Pentagon Prepares For Zombie Apocalypse
May 23, 2014

Pentagon Prepares For Zombie Apocalypse

What makes zombies so scary? Maybe it is that they can’t be reasoned with, or maybe it is that our friends and allies can suddenly become our enemies. Perhaps it is because we ourselves could become the enemy. But the fact that a zombie menace would be so difficult to contain must be a major factor. The problem would be so widespread that it would consume everything: public resources, consciousness, finance. It would not be like with other major events when somehow some people manage to carry on without even noticing, and still only think about clothes shopping amidst international crises. It wouldn’t be like that with zombies.

Perhaps the all-encompassing nature of a zombie disaster is the reason that the Pentagon uses the fictional scenario for training purposes in order to demonstrate what any serious threat to stability might require in response. CNN explains that “Every phase of the operation from conducting general zombie awareness training, and recalling all military personnel to their duty stations, to deploying reconnaissance teams to ascertain the general safety of the environment to restoring civil authority after the zombie threat has been neutralized” is covered.

There is even discussion of how essential facilities such as power stations and hospitals might be serviced if infiltrated by zombies, including the possibility of using robots (who would be well within their rights to point out that we should never have been accusing them of being the ones to trying to threaten our civilization). Like with some possible real emergencies, a zombie catastrophe presents the dual threat of the collapse of infrastructure at the same time as direct, hostile attacks.

As far as the military response goes, CNN says that the Pentagon zombie training includes “rules of engagement.” The parts they mention seems to extend only as far as making sure to shoot the zombies in the head and then burn them, to put it simply. Which is, of course, entirely sensible and correct when it comes to zombies. But I wonder, without yet having had chance to read the entire zombie attack plan document – a real unclassified document straight out of the Pentagon – what the policy is towards zombies in terms of their enemy combatant status. It sounds very much as if there is a “shoot to kill” policy. No prisoners of war, no Geneva Convention nonsense, just blow their brains out.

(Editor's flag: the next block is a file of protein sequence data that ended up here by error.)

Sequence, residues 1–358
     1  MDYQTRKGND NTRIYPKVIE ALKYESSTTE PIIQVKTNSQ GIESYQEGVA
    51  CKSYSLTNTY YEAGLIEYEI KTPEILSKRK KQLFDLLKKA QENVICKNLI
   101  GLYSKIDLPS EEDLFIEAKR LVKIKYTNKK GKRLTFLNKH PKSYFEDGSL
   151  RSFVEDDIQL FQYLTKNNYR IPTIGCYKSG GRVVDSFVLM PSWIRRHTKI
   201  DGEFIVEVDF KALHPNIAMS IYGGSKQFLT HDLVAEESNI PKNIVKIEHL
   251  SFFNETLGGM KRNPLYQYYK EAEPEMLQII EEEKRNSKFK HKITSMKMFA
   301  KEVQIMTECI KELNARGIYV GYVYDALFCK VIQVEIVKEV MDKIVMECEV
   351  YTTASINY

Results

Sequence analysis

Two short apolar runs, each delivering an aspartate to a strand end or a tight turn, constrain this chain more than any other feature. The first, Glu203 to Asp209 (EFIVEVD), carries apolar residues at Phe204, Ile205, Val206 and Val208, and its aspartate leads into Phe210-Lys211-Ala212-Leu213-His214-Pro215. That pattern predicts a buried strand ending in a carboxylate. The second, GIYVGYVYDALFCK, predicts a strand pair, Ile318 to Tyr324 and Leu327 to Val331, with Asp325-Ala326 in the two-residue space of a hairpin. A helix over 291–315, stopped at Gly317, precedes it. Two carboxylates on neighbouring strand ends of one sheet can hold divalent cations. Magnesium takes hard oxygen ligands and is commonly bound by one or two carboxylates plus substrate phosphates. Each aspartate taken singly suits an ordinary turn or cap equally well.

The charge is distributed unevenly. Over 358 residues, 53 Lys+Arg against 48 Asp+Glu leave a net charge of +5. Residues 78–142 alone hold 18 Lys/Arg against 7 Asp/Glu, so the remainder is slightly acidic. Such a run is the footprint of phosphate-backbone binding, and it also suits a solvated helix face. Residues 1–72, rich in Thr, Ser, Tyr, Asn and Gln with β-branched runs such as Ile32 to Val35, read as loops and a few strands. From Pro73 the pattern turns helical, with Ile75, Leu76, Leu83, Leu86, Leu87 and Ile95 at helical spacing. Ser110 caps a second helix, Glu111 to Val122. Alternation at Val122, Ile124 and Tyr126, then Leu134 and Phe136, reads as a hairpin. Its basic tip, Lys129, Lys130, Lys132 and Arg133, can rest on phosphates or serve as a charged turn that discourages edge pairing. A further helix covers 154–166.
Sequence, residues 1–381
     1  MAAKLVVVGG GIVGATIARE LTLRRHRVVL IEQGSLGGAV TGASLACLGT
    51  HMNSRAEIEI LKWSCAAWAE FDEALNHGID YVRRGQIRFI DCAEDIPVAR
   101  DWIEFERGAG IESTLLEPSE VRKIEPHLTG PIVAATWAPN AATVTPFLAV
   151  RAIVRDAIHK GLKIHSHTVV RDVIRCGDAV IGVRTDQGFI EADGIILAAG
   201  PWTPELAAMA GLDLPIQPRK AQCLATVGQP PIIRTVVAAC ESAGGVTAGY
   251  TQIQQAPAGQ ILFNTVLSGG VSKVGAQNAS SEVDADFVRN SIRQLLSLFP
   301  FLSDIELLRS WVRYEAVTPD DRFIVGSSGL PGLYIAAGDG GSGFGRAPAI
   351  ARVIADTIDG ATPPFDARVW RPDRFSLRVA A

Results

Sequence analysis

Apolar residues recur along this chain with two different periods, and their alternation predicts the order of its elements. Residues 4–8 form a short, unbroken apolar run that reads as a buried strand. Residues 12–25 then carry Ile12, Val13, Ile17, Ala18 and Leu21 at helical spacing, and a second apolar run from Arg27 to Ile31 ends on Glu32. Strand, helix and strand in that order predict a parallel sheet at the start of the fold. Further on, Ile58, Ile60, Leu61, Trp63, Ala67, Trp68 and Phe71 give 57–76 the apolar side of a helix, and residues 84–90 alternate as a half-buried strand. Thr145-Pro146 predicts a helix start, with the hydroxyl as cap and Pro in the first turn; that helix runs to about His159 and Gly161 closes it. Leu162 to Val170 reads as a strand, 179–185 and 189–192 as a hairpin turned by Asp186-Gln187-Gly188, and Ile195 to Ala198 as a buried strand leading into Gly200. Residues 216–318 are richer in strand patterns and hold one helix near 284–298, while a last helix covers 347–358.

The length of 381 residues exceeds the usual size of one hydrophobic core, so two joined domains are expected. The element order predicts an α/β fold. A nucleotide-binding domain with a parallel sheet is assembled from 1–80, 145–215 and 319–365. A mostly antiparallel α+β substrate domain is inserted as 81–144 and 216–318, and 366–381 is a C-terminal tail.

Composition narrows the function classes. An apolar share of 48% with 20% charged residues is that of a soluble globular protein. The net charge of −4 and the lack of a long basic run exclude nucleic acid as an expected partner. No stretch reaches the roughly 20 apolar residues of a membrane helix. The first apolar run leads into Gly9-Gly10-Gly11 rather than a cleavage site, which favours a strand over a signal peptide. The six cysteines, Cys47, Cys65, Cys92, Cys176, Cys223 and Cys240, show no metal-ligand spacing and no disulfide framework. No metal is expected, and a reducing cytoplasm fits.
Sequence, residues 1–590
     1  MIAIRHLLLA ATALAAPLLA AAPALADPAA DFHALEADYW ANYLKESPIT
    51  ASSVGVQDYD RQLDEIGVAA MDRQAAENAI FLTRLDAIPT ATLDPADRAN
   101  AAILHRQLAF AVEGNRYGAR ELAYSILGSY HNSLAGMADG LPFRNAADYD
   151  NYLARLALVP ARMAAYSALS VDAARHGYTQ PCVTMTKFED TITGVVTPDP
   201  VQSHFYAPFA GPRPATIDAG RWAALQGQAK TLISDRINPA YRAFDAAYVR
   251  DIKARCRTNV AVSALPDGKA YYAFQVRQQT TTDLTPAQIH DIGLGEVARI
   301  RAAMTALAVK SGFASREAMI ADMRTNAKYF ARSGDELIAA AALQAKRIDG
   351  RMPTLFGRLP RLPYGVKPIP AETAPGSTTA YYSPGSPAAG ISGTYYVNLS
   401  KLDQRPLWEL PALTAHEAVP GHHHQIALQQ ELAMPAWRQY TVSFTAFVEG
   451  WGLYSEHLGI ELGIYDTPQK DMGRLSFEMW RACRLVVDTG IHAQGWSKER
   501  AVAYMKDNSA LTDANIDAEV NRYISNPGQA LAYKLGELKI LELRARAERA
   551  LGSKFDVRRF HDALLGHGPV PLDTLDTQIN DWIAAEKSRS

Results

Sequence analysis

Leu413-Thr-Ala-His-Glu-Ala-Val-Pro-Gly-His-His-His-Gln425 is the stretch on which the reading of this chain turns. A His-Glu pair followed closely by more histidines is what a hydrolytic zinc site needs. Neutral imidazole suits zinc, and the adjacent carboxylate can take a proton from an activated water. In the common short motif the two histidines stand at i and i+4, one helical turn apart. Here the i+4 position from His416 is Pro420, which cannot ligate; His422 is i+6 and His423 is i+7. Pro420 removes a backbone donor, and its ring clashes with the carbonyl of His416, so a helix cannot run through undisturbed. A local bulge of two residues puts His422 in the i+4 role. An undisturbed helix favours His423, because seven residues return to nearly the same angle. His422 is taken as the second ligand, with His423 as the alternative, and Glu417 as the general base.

This is generally how zombies are dealt with, and I am aware that a policy of containment is probably ambitious. Sitting down and negotiating or going down the sanctions route is unlikely to have much effect. But as I discussed in another recent blog, the slim possibility of a real-life disease not dissimilar to a zombie’s affliction does exist. redOrbit had previously spoken to some experts in the microbiology field who said that something similar to rabies could evolve so that it didn’t kill people quickly, as rabies does, but instead left them desperate to infect other poor souls. The evolution could either be natural, or artificially created by some evil genius. In this case, how would we really react to people who had hours earlier been our fellow citizens, but now were a threat to our civilization?

It is along the same lines as the interesting question about robots: how developed and self-aware can we allow them to become before we give them entitlement to rights and liberties? As far as ‘zombies’ go, I suppose we would have to see what form the disease took. But it appears from the fictional scenario (with a serious purpose) that the idea of blowing the heads off American citizens once they contract a nasty virus is not beyond the realms of possibility. As one quote from the Pentagon training document demonstrates, it may not even stop at that. Strategic Command personnel are directed to “Maintain emergency plans to employ nuclear weapons within (the continental United States) to eradicate zombie hordes.” Surely no one could still be shoe shopping through that.

Image Credit: Thinkstock

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John is a freelance writer from the UK, currently living in Japan and thoroughly enjoying their food and whiskey. His first novel, Three Little Boys, and his travel book, Following Football, are currently available on

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